We also look closely at how he creates vases in his paintings.
Goldfish by Henri MatisseNext we work together to get our vase on the paper, then we make it the shape we want it. We create an entire "under drawing" in a very light color (peach or yellow). Then we create the table to go behind the vase - we talk about how it would look like it was hovering in mid air if the table went below the vase. Next we put a large flower that touches the top of the page. Then one that touches each side. Students will fill in as many flowers as they want - then we will move on to color.
Anemones by Henri MatisseI show students how to add color in at least three places, fill in solid,  make a shadow on the vase and table. We also talk about if they want the vase to be see through (transparent) or solid (opaque).

Once all the flowers are colored in they add the stems and leaves - to go straight from the flower into the vase, going behind other flowers (not around).

Final touches are patterns in the back - making sure to leave room for paint.

See a pattern here? K - Dream Houses, 1st - Y Trees, and 2nd all work with the oil pastel and water color resist method. This helps the beginning of the year run smooth and I can keep the same materials set up for the first month or so since they are not all using the watercolor at the same time.

This year:


Fundraiser Lessons - 1st Grade

Y Tree with a Family Story

We talk about the four seasons and what a tree looks like in each of those seasons. We talk about the difference between evergreen and deciduous trees. (Virginia Standards of Learning for first grade Science 1.4 Life Processes).

I show them how to make a tree using the letter Y. I pass out practice paper and black crayons and students follow the steps with me as I make a Y tree. I will show them how to make a tree in each of the four seasons by adding details.
Next class we read the book, “A Tree is Nice” by Janice May Udry. The story talks about how nice a tree is in all the different seasons. Students begin their tree drawings with the ground that the tree will grow from, and they continue with oil pastels to complete their picture.

Next class they come in to complete their tree stories. I remind them to fill in all the peek-a-boo spots so their coloring is nice and solid. For the final touch we use white to make clouds in the sky. Then they pick from several colors to paint their sky with watercolor. Even though they did it last year on their dream houses, they still think it is magic when their clouds appear in the sky.

Last year's Y Trees on Artsonia

Fundraiser Lessons - Kindergarten

Dream House Using Shapes

First we talk about shapes. I describe each shape and see if students can guess which one I am talking about. I have big laminated shapes with a magnet on the back that I put on my white board as the students guess them. I throw in one harder one - Trapezoid - to see if they get it - sometimes they do!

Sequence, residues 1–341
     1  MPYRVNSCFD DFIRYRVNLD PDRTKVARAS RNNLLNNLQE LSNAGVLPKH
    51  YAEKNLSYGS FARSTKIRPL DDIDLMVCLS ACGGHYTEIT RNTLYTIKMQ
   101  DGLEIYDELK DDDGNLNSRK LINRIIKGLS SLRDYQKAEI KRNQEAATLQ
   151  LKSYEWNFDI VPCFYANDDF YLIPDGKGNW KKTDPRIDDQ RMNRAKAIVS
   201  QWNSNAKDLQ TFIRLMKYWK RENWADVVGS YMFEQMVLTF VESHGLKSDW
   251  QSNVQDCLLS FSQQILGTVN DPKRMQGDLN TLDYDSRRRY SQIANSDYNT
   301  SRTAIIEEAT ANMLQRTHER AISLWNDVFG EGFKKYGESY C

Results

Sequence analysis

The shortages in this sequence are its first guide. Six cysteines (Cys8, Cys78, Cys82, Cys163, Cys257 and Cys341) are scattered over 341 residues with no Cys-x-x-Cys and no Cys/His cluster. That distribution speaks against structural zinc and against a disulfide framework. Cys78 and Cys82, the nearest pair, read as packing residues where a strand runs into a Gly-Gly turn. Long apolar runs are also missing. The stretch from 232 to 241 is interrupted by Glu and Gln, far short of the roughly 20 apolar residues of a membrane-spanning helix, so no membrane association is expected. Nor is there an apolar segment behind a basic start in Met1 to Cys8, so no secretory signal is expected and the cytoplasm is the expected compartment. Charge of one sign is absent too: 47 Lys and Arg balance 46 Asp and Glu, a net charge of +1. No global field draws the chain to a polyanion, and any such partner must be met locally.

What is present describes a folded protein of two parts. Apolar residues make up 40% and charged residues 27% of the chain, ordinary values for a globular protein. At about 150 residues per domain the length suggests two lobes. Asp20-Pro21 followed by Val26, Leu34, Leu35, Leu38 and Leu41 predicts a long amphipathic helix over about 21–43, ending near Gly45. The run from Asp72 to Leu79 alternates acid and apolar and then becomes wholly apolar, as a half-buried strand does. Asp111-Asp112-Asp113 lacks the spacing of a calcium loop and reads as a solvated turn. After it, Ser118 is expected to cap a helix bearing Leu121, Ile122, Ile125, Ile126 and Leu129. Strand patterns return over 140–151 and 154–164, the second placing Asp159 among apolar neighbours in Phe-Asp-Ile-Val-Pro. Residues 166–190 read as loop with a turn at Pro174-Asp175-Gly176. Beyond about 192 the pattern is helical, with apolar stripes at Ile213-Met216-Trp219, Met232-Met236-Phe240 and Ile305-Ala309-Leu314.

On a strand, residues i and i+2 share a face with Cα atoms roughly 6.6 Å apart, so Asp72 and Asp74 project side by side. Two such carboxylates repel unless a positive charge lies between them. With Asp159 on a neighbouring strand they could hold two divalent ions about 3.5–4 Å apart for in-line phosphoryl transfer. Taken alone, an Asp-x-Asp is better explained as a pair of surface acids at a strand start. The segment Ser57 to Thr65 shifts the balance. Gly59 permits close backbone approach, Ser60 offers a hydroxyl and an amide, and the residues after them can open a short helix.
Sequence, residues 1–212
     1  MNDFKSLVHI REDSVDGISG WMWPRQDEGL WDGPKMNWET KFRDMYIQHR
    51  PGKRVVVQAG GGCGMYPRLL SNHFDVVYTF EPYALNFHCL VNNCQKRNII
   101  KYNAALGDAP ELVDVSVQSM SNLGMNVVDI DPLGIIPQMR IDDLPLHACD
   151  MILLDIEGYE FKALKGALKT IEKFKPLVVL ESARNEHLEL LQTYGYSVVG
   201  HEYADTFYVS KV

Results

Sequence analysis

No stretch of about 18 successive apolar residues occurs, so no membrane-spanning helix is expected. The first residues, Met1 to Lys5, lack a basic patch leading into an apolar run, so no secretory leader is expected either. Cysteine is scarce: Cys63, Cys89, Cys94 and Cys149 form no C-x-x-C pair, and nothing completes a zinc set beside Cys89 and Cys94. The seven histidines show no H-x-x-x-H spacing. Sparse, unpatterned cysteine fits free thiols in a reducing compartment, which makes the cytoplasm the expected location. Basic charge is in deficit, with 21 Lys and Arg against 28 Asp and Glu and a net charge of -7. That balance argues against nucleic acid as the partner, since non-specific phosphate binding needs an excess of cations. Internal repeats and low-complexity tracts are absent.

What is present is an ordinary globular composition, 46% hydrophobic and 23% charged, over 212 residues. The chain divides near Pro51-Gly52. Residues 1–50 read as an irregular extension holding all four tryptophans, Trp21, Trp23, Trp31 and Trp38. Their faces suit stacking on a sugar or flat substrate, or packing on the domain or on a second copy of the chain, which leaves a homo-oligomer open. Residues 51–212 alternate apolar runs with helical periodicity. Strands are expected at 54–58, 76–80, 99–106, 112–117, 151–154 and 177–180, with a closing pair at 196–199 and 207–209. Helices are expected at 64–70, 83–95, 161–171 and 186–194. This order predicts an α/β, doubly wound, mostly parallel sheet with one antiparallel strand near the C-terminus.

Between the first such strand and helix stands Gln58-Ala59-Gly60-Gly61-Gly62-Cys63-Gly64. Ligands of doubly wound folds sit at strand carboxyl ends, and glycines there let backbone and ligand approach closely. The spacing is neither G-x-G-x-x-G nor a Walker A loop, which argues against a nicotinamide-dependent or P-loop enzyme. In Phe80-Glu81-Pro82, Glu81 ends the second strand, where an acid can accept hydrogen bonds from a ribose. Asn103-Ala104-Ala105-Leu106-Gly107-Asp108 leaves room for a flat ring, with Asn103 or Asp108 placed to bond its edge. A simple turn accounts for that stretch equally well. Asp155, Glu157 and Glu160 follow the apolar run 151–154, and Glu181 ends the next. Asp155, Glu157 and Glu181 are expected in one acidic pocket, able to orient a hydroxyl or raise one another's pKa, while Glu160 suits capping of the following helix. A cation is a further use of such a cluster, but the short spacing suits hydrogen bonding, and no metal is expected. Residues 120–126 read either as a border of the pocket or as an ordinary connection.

Once all the shapes are on the board I move them all around and make different things with them. To show them how simple shapes put together in different ways can make anything! Students practice each shape and then if there is time they can take the shapes, combine to make anything in their drawing.
Next class - students sit together and we read "The Big Orange Splot" by Daniel Pinkwater (LOVE HIM). It is the story of a man who gets orange paint dropped on his house and instead of returning it to it's original look to keep a 'neat street' he paints it like all of his dreams! One by one each neighbor is sent to convince him to change it back but instead they also change their house to look like all of their dreams. I like it because it talks about being original and not fitting in with everyone or everything else.
After the story I review that combining simple shapes can make their dream house. They use oil pastels to create their drawing and I talk about filling in solid with no peek-a-boo spots. For a final touch we add white clouds to the sky - then paint the sky with watercolor. Students love the magic when their clouds appear.
Here are some examples...

Fundraiser Lessons

There has been a lot of talk about the lessons for the magnet fundraiser so I am going to post what I do for each grade. This fundraiser funded my entire program this year. I don't think I have sacrificed any learning for a good product - they are lessons I would be teaching anyway. I will put each one in a separate post, I probably won't get to them all tonight.